A study has come out of Cass Business School that investigates a number of ways of building equity indices. Andrew Clare, Nicholas Motson and Stephen Thomas, of course, include market capitalization weighting. A number of schemes that fall under the name of “smart beta” are also included.
They compare the indices not only among themselves but to a cohort of random portfolios. When I say “random portfolio”, I mean that there are constraints to be obeyed. But the only constraints that the random portfolios in the paper obey is that the weights are non-negative and sum to 100%.
My favorite part is Figure 7 of Part 1 that shows the proportion of random portfolios — monkeys, as they say — that outperform the cap-weighted index over three-year rolling windows.
This puts the cart and the horse in the proper order, I think. It is presenting cap-weighting as just another strategy (which does have some interesting properties) rather than as the market. Interestingly it is almost always completely outperforming the random portfolios or completely outperformed by them (but see below). There is much more of the latter than the former.
You might hypothesize that flows into and out of index funds would have a big impact on the performance of cap-weighting. If it does, I don’t think it is evident from the picture. Cap weighting did well in the early 70’s and then poorly for a decade.
I’m concerned that ignoring constraints isn’t the best thing to do. (I would say that, wouldn’t I?) Fair enough that cap-weighting is compared to portfolios with no specific constraints.
But some of the other strategies — while not created with constraints — rather imply constraints. For example, minimum variance sort of implies that wildly high volatilities wouldn’t be desireable. Likewise, maximum dispersion would imply that large concentrations wouldn’t be tolerated well.
Another concern with the lack of constraints is that what “random portfolio” means when there are minimal constraints becomes quite philosophical. For instance, the way that the “monkeys” were generated is to have a little noise around equal weighting.
Adding practical constraints makes the problem much harder computationally, but easier conceptually.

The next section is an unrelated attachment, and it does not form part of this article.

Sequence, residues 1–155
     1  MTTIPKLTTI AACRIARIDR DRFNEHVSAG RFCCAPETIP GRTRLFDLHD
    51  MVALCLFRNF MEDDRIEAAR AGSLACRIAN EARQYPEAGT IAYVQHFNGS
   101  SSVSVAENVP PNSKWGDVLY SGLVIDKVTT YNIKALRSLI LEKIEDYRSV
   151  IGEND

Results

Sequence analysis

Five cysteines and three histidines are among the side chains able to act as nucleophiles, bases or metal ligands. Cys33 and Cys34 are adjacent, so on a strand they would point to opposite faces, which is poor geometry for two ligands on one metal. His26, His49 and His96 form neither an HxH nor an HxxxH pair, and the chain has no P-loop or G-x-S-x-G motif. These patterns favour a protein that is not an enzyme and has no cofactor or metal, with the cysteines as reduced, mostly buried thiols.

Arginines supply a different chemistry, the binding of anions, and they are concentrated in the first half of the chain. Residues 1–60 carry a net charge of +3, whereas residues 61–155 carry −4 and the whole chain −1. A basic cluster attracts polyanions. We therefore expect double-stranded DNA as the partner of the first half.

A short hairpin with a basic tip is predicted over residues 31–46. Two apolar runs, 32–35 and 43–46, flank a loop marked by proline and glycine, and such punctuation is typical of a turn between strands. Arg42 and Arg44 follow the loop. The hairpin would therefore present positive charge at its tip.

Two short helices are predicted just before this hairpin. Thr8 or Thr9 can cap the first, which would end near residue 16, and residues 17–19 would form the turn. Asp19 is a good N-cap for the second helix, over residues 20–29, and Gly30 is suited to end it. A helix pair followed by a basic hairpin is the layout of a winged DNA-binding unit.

I back-tested one of the recommendations they mentioned incidentally in the paper – simple monthly trend-following – and found a large reference-day effect that they didn’t seem to be aware of.
I wonder how many of the other strategies in the paper are subject to reference-day effects.
It’s not often that you get to read that “nearly every monkey beats the performance of the market-cap index”, though, so the paper has that going for it.
@Andrew how did you test for this? can you elaborate? thank you!
To test it, I downloaded S&P 500 end-of-day data back to 1950 or thereabouts (from Yahoo Finance, I believe) and wrote a Python script that implemented the trend-following algorithm.
The results I got were very strong for trend-following on the first day of the month, but much weaker for other days. I didn’t see any particular pattern among the other days of the month. I didn’t check to see whether different decades saw different results for the algorithm, so it might be the case that all the above-market results came from the ’50s and ’60s and the approach would be useless now. (Or maybe it’d be the other way around; I don’t know.)
I contacted one of the study’s authors (Andrew Clare) with my results, and he told me that, “We have (in unpublished work) undertaken a lot of work on variants of the trend following rule, including the day on which you trade. We have not found any significant difference between the approaches ourselves.”
Trying the same algorithm on the Dow Jones index back to 1900 or thereabouts produced completely different, much more random results for me.
I’ve since lost interest in trading algorithms; for a small investor like myself, intensive research of companies with little or no existing analyst coverage seems like a bet that’s more likely to pay off. Drawing valid conclusions from back-testing requires an amount and quality of data that’s very, very expensive (e.g. COMPUSTAT); my half-baked impression when I was all done was that I was getting more-or-less random results that changed by the decade because I was using a small number of data points (only 12 per year) to explore a ridiculously complex system (the stock market).
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